The Tromsø lab is mainly focusing on the development of metagenomic libraries and search for marine enzymes (thus, MARzymes). The main interest is here to study the genomic DNA of both cultivable and uncultivable microorganisms. By in silico screening and by functional screening of the gene sequences we have identified candidate cold-adapted enzymes. Targets are being produced recombinantly in E. coli and other host systems, and will be characterized functionally and structurally. So far, our focus has been put on enzyme activities that are relevant for applications in biotechnology and food industry, and for the development and processing of biofuels.
In Trondheim, basic problems of cold-adapted host expression systems has been addressed. The group here is studying replication and copy number control and by developing vectors based on the broad-host-range plasmid RK2 replicon. They develop suitable vectors for recombinant expression of cold-adapted enzymes and vectors for library preparation, for library screening and shuffling.
During the annual meeting the Swedish lab presented their proof of concept of their screening methodology in the infectious disease area. The Tromsø node presented the overall project status and some examples of enzymes that are being characterized in the lab. The Trondheim group presented work on the development of the about-to-be-finished cold-adapted host expression system, and library vectors and shuffling vectors.
MARZyme researcher heads to the Arctic again
MARZymes goes to shore again to collect samples from the Arctic. This shows some of the interesting species we found on the last cruise. Since the last cruise F/F Jan Mayen has become F/F Helmer Hanssen and is owned by the University of Tromsø. The re-baptism happened June 17, 2011. On this date, in 1903 - 108 years ago - Helmer Hanssen started his first great expedition with Roald Amundsen on the ship Gjøa to search the Northwest Passage. Helmer Hanssen (1870–1956) was a Norwegian polar explorer, and one of the first five to reach the South Pole on the expedition of Roald Amundsen. And this year, in December, it is 100 years since Hanssen reach the South Pole (facts from Wikipedia). What a great year to join a cruise!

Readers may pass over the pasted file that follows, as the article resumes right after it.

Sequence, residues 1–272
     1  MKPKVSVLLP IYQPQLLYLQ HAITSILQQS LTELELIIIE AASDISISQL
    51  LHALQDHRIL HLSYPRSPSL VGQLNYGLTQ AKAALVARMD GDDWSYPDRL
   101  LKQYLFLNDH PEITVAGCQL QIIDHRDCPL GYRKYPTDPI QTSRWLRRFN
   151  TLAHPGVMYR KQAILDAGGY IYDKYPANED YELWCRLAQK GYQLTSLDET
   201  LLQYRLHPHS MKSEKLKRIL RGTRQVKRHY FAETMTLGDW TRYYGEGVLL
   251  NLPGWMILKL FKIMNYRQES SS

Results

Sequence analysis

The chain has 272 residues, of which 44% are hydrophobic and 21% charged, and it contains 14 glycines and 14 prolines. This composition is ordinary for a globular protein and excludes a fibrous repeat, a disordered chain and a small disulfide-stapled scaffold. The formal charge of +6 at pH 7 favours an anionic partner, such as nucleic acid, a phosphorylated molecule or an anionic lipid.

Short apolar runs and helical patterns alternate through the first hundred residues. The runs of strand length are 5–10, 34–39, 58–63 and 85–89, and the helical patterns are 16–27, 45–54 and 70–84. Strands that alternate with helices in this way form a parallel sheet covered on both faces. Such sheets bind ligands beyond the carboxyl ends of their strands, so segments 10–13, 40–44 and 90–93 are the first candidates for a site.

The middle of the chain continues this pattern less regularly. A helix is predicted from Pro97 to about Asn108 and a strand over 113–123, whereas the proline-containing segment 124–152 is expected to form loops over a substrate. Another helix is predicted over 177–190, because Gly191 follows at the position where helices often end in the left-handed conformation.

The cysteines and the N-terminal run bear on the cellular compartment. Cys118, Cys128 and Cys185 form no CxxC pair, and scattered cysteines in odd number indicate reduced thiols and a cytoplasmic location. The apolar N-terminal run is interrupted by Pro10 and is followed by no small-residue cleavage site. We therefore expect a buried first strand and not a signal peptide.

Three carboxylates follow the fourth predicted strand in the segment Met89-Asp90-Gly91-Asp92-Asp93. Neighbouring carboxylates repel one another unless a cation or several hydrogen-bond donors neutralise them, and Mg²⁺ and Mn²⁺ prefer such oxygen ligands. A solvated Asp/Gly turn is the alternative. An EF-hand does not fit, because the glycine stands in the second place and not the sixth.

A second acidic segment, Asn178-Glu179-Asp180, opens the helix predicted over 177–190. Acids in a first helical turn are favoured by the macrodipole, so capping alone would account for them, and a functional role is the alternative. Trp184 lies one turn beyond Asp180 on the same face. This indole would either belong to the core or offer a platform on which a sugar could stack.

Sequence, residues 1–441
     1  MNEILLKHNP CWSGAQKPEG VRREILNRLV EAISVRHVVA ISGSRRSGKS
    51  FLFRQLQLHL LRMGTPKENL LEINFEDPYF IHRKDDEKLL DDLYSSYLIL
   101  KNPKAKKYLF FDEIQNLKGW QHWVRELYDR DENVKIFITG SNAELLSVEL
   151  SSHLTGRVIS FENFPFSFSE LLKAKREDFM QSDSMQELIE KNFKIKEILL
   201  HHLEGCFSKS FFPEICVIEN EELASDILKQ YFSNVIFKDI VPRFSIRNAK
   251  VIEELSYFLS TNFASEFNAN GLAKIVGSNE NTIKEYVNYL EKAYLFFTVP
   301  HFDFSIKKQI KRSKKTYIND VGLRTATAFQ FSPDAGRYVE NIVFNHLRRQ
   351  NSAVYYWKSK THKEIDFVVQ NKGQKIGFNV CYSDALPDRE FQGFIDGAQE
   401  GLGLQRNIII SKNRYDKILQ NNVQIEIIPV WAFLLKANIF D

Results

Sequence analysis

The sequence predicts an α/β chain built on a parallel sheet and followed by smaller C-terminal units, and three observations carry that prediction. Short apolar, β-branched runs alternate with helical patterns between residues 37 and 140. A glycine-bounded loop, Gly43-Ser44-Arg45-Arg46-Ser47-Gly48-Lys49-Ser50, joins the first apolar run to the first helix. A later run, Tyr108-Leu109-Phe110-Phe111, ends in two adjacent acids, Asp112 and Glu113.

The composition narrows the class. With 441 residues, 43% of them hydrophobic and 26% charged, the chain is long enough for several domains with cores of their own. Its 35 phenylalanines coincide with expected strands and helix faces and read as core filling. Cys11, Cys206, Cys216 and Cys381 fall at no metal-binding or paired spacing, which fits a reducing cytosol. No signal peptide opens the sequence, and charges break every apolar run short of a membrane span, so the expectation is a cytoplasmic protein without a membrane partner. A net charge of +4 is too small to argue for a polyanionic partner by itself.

MARZymers contribute to Researchers' Night in Tromsø
Chemistry in the sea was topic for this years' Researchers' Night at the Science Centre in Tromsø. High school teens from all over Troms were invited to join the newly opened Science Centre, for seminars and stands where they could do simple experiments. MARZymers had a stands to teach the student bioprospecting. They could digg in the sediments, see fluroescent bacteria growing in cultures, run electrophoresis and puzzle GATC nucletotides. The Norwegian Researchers’ Night is organised in the framework of the National Science Week, Forskningsdagene, which is held every year with the aim of fostering interaction between the scientific community and the public at large.
Another successful joint MARZymes/MabCent workshop
Nineteen bioprospecters met at Linken for the 2nd joint workshop between MARZymes and MabCent, June 16, 2011. About half of them were from the commercial partner of the projects, ArcticZymes. Seven seminars were listed on the programme, ranging from project introductions to more detailed target seminars. The crowd shared a great lunch topped with fruitful discussions, and in the evening we went for a beer in sunshining Tromsø city.
MARZymes/MabCent 2nd workshop June 16, 2011
Again, it is time for a joint MARZymes/MabCent workshop with our commercial partner, Arctic Zymes. This biannual workshop presents research, exchanges new ideas and promotes collaborations between researchers in the two sister projects. The day is filled with short seminars about sampling of environmental samples, purification of nucleic acids, challenges within expression of gene products of environmental samples and some new target ideas.
FUGE-NORD newsletter about MARZymes
The FUGE-NORD newsletter 02/2011 is about MARZymes. "We are close to a Norwegian Klondike. The northern seas holds a gold mine of intersting, new enzymes that have a great potential for commercialization. Researchers of the MARZymes project are about to hunting for the gold mine."
Marcin presents the MARZymes project at the institute seminar May 18th